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In pictures: Roger Eagle Liverpool book launch

Faces from city's musical almanac in warm and fuzzy gathering. Pix: Wes Storey

Published on August 11th 2012.

In pictures: Roger Eagle Liverpool book launch

THERE they were, a room full of some of the most best known faces in Liverpool's musical almanac.

David Balfe, Jayne Casey, Pete Fulwell, Elliot Rashman, Norman Killon, Bernie Connor, Geoff Davies, Al Peters, Henry Priestman, John Campbell, Martin Dempsey, Doreen Allen... just a selection of the names that are compulsorily checked off each and every time a fresh chronicle of THAT time in the city is knocked out.

But all were there at The Picket to celebrate the one name in their midst who was there in anecdotal form only: Roger Eagle.

It could be said that none of them would have been there but for Eagle. In truth, none would have been there but for Bill Sykes, musician turned author, who took it upon himself to pen a mighty tome on Eagle, Eric's founder and a lot more: Sit Down! Listen to This!


It received its Liverpool launch here on Thursday evening and, hosted in conjunction with Liverpool Confidential, everything was warm: the weather, the banter, the tributes, the Red Stripe.

Probe Records founder and friend Geoff Davies recalled the days when the defunct Liverpool Stadium was under Eagle's watch and bands like Captain Beefheart, Led Zeppelin and Mott The Hoople were commonplace turns. And he spoke of the origins of the legendary shop and its relationship with the Mathew Street club which closed for good in 1979 (and is no relation to the venue which has claimed the same name today).

Elliot RashmanElliot RashmanElliot Rashman, former manager of Simply Red and the Happy Mondays, mentioned his Manchester schoolboy days when he first met the R&B loving colossus at The Magic Village. Later on, in Liverpool, he “gave me Mick Hucknall - a mixed blessing!”, he smiled. Hucknall, at the time, was a gifted young blues singer in The Frantic Elevators, another Eagle-inspired band at Adams club in Seel Street.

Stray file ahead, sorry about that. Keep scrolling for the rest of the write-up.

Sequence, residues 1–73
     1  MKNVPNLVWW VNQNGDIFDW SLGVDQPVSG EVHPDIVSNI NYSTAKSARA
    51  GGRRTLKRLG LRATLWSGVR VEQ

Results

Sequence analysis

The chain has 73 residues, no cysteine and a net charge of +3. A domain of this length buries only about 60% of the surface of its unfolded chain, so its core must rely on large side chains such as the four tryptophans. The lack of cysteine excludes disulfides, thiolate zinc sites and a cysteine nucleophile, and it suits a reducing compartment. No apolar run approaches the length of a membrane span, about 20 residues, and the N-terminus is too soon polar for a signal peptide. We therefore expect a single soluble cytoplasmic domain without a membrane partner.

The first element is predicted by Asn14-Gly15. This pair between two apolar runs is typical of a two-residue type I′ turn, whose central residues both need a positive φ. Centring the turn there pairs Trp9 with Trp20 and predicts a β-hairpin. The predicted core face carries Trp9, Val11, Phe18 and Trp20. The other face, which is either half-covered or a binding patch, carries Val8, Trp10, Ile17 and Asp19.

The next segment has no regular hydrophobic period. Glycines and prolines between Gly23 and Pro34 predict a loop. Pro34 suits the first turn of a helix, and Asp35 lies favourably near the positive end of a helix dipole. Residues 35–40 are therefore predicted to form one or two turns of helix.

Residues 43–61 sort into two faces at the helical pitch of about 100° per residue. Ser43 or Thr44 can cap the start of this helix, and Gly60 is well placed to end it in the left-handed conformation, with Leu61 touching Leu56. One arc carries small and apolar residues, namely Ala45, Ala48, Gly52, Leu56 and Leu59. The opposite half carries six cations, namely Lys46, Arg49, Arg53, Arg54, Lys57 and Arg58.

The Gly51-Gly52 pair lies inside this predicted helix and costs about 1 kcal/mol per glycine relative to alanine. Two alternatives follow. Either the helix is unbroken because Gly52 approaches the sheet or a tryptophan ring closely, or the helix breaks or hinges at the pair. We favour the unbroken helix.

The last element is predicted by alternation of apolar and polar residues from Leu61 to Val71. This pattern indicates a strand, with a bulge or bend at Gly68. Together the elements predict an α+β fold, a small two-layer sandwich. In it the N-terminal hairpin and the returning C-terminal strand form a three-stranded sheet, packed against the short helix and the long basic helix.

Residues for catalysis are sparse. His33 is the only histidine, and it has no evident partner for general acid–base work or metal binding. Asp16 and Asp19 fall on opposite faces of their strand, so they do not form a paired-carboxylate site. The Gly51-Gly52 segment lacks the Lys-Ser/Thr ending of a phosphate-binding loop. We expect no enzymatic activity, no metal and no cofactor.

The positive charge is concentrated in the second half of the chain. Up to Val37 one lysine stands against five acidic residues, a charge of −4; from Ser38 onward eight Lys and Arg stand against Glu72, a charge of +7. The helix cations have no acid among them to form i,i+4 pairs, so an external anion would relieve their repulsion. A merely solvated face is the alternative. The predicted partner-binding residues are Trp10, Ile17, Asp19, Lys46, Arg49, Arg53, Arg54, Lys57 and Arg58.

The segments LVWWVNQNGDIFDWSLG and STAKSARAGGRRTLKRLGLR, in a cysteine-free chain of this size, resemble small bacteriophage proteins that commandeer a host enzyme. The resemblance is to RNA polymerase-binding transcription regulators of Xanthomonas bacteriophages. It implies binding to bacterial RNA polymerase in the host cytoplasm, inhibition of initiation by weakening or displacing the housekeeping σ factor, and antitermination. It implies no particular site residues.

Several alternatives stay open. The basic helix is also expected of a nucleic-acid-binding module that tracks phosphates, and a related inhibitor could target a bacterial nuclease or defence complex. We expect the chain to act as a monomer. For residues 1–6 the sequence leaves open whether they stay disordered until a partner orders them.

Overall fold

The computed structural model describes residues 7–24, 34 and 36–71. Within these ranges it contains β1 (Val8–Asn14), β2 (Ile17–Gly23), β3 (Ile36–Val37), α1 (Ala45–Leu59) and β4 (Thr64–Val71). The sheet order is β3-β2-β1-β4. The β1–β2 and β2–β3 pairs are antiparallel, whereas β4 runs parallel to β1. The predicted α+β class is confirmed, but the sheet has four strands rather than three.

“We aren't Liverpool and Manchester, we are one city, the North West,” Rashman insisted.

To Jayne Casey, Eagle was a father figure who took the bald, bolshy, black-lipsticked teenager under his wing only a year after she had left a children's home. Back in 1977, he instructed her, the young Pete Wylie and the even younger Ian Broudie, to make a pact never to listen to “them” (The Beatles). To her knowledge, she said, the pact has never been broken.

Pete Fulwell, Eagle's former partner at Eric's (as was Ken Testi), made a rare appearance which was lapped up by a crowd that also included authors Paul Du Noyer and Kevin Sampson.

Initially reluctant, he took to the stage and spoke eloquently of his enduring love of the the big man, the 6ft 4 inspiration and king of the blues compilation tape, for whom music was more important than life and who died in 1999. “He still owes me money!”

Alan PetersAlan Peters has got his mojo working

Celebrating his own 69th birthday, it was all rounded off by some impromptu blues harp from Alan Peters, he of R&B band The Lawnmower. Eagle created the group and named it, on a whim, as a vehicle for Peters and Hucknall back in 1982. Ten days later, they were supporting Sonny Terry and Brownie McGee at Adams, to be followed by Muddy Waters and Bo Diddley. Like practically everyone else in the room, Peters still has his mojo working, just differently these days.

For as Fulwell pointed out, the faces in the room may have looked familiar but not a single molecule of any of them remains from back in that day. 

Legacy. Now that's intact.

Pictures by the very talented Wesley Storey who just happened to have his camera bag and took them for us. His website is here and you really should think about booking him.

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AnonymousAugust 12th 2012.

Cool night. More like this please

Elliot RashmanAugust 12th 2012.

Don't know if previous comments made it so here goes again
Forgive any repetition.
A sweet warm evening, full of sweet warm people. A great time was had by ALL. A distinguished and honourable mention in dispatches goes to the Awesome Jayne Casey. You are so lucky to have such a fabulous champion of all things Creative in the city. Liverpool should Cherish and Honour Jayne for all her immense efforts over the years. Sincere thanks go to Angie Sammons for her sparky and intelligent steering of the evening from the Picket sofa.
Liverpool - Still the Greatest city in this South-east obsessed, Damned Nation of ours.
Thanks to Rodger's friends and acquaintances for making it a night to savour.
To all Baltic Creatives - This is a Liberated Zone: Defend it with your lives!
E x

Man at the backAugust 12th 2012.

Hear hear, Elliot, to all of that. Your own contribution to the evening was sterling mate and we could do with more like you in this city!

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